Will states allow reciprocity for concealed carry?
- The U.S. Constitution, the constitutions of 44 states, common law, and the laws of all states recognize the right to use arms in self-defense.
- The numbers of gun owners and firearms, RTC states, and people carrying firearms for protection, have risen to all-time highs, and through 2008 the nation's murder rate has decreased 46 percent to a 43-year low, and the total violent crime rate has decreased 41 percent to a 35-year low.
- Analyzing National Crime Victimization Survey data, criminologist Gary Kleck concluded
The right to obtain a permit to carry a concealed weapon in public is legal in 49 of the 50 states (Illinois is the only state without a concealed carry permit system in place). While each state has different regulations, research shows that states with concealed carry laws have 22-percent lower total violent crime rates, 30-percent lower murder rates, 46-percent lower robbery rates, and 12-percent lower aggravated assault rates, according to the NRA.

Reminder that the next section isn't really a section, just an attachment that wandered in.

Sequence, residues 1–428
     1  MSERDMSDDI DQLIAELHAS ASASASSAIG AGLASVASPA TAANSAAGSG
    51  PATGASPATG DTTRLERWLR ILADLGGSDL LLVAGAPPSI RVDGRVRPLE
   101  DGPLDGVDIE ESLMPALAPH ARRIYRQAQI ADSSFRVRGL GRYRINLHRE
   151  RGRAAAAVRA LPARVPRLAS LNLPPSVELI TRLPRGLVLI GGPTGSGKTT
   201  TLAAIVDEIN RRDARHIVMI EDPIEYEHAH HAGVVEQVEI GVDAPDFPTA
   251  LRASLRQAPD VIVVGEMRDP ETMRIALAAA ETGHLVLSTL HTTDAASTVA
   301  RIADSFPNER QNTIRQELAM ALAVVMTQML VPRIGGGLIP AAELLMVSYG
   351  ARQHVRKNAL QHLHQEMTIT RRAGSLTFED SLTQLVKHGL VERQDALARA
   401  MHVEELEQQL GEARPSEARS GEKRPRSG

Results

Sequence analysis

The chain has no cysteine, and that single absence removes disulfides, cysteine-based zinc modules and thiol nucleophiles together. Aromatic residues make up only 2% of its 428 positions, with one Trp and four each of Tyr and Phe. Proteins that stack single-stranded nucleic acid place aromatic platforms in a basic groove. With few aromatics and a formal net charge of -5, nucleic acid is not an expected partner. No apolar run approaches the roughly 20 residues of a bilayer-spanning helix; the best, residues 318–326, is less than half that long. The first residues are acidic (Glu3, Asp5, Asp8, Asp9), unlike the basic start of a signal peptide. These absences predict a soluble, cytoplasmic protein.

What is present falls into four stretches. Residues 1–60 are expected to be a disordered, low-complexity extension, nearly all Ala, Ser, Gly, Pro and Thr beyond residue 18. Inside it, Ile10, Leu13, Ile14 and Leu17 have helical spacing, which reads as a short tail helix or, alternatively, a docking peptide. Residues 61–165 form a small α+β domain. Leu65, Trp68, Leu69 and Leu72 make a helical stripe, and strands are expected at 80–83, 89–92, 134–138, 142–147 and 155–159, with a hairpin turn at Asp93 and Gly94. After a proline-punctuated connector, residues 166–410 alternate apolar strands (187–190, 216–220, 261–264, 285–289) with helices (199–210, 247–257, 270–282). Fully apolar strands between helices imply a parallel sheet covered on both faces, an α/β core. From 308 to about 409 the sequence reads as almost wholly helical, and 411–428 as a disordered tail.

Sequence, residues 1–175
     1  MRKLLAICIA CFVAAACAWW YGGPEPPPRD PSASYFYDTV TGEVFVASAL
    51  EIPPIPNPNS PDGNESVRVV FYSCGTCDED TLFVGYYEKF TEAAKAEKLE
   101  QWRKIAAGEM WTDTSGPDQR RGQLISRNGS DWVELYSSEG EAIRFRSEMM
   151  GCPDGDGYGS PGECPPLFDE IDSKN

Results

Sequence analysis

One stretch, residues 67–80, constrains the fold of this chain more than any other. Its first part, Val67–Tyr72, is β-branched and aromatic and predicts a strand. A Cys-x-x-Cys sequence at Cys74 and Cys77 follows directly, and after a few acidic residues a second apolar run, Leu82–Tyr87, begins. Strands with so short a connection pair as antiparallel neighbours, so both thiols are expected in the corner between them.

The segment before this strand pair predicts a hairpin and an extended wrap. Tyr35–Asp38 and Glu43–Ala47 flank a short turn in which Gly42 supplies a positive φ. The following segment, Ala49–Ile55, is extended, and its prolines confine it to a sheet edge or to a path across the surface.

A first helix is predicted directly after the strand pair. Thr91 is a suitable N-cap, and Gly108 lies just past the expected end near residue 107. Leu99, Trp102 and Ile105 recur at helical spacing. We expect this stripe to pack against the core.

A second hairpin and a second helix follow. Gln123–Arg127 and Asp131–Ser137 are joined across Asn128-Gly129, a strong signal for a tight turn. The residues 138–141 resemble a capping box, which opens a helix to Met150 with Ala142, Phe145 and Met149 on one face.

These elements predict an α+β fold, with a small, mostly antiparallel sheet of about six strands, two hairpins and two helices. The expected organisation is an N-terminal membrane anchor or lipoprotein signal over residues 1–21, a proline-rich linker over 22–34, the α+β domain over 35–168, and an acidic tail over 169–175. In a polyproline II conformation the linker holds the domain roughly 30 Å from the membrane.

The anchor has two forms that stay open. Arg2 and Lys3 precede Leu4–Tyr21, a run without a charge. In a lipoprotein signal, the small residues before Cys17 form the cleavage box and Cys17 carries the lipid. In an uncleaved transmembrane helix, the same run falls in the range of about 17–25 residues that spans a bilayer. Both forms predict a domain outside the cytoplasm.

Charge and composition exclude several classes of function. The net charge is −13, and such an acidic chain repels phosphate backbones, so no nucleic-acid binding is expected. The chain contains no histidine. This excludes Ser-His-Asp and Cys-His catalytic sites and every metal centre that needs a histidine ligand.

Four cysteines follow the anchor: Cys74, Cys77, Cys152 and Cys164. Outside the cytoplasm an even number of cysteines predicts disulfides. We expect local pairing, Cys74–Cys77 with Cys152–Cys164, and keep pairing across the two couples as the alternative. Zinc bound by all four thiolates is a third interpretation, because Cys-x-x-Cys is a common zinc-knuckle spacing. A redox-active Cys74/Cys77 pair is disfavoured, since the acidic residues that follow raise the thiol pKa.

Yet, despite such positive statistics, permit-holders are under the constant threat to limit their rights. Campaigns to prohibit concealed firearms in national parks and on college campuses are just two recent examples of attempts to restrict concealed carry. Thankfully, the right to carry in national parks has been secured, while the fight to carry on campus is ongoing. In addition, the U.S. Supreme Court has ruled twice in the past five years in favor of Second Amendment rights, overturning the D.C. and Chicago handgun bans.
Another big issue facing concealed carry is the National Right-to-Carry Reciprocity bill. This would require any state to honor the concealed permit of a different state, which would allow permitted individuals to carry their firearms over state lines. Both the “National Right-to-Carry Reciprocity Act of 2012,” and the “Respecting States’ Rights and Concealed Carry Reciprocity Act of 2012,” were put on hold last year by Senator Dianne Feinstein (D-Calif.).